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Lance Bass Completes Initial Testing At NASA



Permission granted to Arthur - N1ORC to forward the following:

Singer Bass passes tests for space trip
By MARK CARREAU
Copyright 2002 Houston Chronicle
'NSync singer Lance Bass cleared a major hurdle on Tuesday in his bid to
visit the international space station this fall as a guest astronaut of
the Russians. 

NASA and the station's four other major partner nations endorsed the
23-year-old entertainer's visit to the 240-mile high orbital base,
following a wide ranging review of his medical fitness and personal
background. 

"They have agreed that Bass meets the criteria and is suitable as a crew
member," said NASA spokeswoman Debra Rahn. The review was conducted by
representatives of NASA, the station's managing partner, as well as the
space agencies of Canada, Europe, Japan and Russia. 

Bass is training at NASA's Johnson Space Center in Houston this week for
a 10-day trip to the space station. The launching aboard a Russian Soyuz
rocket is scheduled for Oct. 28 from Kazakhstan in Central Asia. 

Russia's cash-strapped space program nominated Bass as a paying space
tourist on the mission on July 12.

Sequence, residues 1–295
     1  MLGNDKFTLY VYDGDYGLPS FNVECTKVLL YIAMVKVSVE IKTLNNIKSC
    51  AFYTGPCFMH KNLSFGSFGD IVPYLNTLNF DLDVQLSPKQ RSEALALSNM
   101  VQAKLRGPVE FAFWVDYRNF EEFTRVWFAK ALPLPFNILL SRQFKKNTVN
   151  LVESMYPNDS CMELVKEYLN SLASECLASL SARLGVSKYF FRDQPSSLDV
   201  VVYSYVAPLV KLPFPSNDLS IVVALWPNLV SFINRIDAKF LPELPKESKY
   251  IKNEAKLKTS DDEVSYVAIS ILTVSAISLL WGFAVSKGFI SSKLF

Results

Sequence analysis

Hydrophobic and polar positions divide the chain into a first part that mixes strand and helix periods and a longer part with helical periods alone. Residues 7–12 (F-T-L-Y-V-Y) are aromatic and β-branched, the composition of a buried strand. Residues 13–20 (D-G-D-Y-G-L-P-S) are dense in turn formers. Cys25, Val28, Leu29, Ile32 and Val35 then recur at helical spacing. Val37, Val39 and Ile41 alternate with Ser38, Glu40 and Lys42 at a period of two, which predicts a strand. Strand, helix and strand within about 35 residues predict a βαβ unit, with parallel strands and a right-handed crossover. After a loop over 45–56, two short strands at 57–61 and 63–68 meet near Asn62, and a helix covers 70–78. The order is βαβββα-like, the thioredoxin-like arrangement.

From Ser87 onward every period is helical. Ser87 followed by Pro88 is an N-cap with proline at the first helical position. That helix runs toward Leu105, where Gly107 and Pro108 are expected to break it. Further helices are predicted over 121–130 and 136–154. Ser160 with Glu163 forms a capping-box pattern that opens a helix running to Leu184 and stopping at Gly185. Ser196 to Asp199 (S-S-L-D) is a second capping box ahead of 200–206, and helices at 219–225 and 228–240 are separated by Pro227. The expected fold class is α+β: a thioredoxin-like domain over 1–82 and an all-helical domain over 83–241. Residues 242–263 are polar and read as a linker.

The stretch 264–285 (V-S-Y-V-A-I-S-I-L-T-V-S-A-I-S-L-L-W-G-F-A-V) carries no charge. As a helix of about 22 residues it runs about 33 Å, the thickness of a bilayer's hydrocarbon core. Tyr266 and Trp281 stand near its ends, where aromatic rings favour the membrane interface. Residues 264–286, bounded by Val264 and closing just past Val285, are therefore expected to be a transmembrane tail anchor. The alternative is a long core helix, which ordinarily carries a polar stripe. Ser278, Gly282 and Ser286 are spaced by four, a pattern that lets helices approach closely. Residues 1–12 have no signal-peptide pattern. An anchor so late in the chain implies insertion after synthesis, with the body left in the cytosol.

Though it did not publicly announce specific findings on Tuesday, the
committee evaluated the singer's medical fitness, training, interpersonal
skills and education. All nominees are also checked for prospective
criminal conduct as well as drug and alcohol abuse. 

Tuesday's endorsement will be forwarded to a second space station
evaluation board comprised of the spaceflight chiefs from each nation.
That high level review is scheduled for September. 

Meanwhile, Bass must still satisfy undisclosed Russian financial terms
for the flight. 

A Los Angeles production company is backing the mission and plans for
Bass to star in a series of television specials that document the
singer's flight and his training in Russia and the United States. 

Bass would become the third space tourist. California investor Dennis
Tito and South African businessman Mark Shuttleworth paid a reported $20
million for similar flights in 2001 and last April. 

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